A bill currently under consideration will allow a defending health-care provider access to medical malpractice victims' records if passed


If you are a Tennessee resident watch out – you might lose your right to privacy. On March 27th, House bill 2979 was put under consideration by the state House Judiciary Committee. If passed, the bill would allow open access to the medical records of a victim of medical malpractice who files a claim in court.


The bill would override federal HIPPA laws and allow an attorney representing a health-care provider to gain access to the lifetime medical history of the victim, including any and all mental-health and past drug or alcohol-abuse treatments, even if the information is not relevant to the medical malpractice case. Moreover, the bill would allow the defending health-care provider’s attorney to interview the victim’s doctor or health-care provide without the presence of the claimant or the claimant’s attorney.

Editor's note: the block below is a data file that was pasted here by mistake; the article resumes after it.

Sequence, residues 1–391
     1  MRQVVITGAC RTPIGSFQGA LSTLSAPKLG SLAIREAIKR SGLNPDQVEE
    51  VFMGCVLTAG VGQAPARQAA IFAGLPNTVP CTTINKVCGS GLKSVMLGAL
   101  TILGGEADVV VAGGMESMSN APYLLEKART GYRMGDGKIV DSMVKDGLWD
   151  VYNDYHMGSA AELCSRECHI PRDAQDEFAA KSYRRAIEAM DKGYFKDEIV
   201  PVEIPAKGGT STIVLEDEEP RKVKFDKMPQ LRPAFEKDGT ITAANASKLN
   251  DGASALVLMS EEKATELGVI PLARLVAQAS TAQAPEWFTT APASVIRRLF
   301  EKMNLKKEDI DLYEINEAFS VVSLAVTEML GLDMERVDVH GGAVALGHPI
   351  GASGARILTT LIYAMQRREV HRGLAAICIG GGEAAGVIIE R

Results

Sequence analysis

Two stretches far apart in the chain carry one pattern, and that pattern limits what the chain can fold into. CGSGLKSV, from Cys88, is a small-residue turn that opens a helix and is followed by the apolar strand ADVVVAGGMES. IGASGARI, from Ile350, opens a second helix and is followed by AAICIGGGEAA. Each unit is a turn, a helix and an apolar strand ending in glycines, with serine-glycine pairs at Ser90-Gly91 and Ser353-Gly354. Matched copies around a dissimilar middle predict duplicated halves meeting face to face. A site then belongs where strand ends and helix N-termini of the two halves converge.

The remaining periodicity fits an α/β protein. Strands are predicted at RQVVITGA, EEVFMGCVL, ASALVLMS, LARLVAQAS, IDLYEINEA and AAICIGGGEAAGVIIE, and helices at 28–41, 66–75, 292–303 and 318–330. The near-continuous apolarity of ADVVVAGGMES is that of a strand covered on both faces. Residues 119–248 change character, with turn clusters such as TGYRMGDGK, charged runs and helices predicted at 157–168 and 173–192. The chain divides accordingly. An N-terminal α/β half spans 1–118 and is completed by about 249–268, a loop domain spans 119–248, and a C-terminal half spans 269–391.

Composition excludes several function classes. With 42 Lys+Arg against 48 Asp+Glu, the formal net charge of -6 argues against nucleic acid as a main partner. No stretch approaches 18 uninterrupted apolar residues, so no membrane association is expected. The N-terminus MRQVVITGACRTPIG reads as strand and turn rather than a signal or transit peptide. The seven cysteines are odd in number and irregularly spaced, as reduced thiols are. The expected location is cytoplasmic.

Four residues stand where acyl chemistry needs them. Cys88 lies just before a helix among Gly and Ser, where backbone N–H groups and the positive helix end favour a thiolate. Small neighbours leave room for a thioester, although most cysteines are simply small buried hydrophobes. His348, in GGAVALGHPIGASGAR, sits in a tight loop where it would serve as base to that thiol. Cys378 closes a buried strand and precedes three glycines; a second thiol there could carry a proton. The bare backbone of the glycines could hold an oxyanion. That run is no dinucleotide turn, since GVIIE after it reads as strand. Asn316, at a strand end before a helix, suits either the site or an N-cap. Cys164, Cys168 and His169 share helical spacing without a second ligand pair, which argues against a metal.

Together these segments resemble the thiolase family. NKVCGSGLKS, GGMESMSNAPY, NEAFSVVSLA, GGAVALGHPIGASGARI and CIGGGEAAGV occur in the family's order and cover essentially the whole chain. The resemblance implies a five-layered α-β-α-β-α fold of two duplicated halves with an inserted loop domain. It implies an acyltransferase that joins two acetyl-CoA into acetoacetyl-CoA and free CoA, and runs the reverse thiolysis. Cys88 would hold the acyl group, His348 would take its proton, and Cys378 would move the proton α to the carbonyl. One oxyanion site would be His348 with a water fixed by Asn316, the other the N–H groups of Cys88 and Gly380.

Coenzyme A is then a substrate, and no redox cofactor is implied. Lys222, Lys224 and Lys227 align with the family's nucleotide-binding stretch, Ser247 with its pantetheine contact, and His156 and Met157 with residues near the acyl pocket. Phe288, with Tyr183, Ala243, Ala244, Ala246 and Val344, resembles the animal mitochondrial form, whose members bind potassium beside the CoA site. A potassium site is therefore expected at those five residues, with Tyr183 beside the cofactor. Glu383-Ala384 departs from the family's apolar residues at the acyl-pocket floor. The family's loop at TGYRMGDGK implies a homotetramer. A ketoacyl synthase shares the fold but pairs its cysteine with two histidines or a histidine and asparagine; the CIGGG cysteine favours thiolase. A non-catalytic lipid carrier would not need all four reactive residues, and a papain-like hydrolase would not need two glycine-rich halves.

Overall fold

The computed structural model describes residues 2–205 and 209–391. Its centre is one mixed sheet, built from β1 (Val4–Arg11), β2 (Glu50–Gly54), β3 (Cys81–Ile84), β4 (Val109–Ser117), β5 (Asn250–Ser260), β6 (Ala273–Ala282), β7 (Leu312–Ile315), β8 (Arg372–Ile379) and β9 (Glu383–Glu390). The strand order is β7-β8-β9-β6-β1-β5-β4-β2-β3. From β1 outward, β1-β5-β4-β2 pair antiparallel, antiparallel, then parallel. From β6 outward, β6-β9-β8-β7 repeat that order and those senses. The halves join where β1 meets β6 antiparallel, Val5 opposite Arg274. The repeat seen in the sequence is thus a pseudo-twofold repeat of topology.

As a law firm that works to defend victims of medical malpractice, this bill is appalling. It violates not only federal law but the victim’s Constitutional right to privacy.
Federal HIPPAA laws were created to protect the privacy of patients. According to Attorney Matt Hardin, a partner with the firm Rudy, Wood, Winstead, Williams and Hardin, “34 other states currently have strong restrictions in place that don’t allow this type of communication.” This bill benefits the defending health-care provider over the victim, essentially punishing the victim for seeking justice.


Luckily,Maryland,Virginia, and DC residents can rest assured that their privacy is still protected under federal HIPPAA laws. They can seek the justice they deserve without fear of having their medical history unnecessarily open for abuse.

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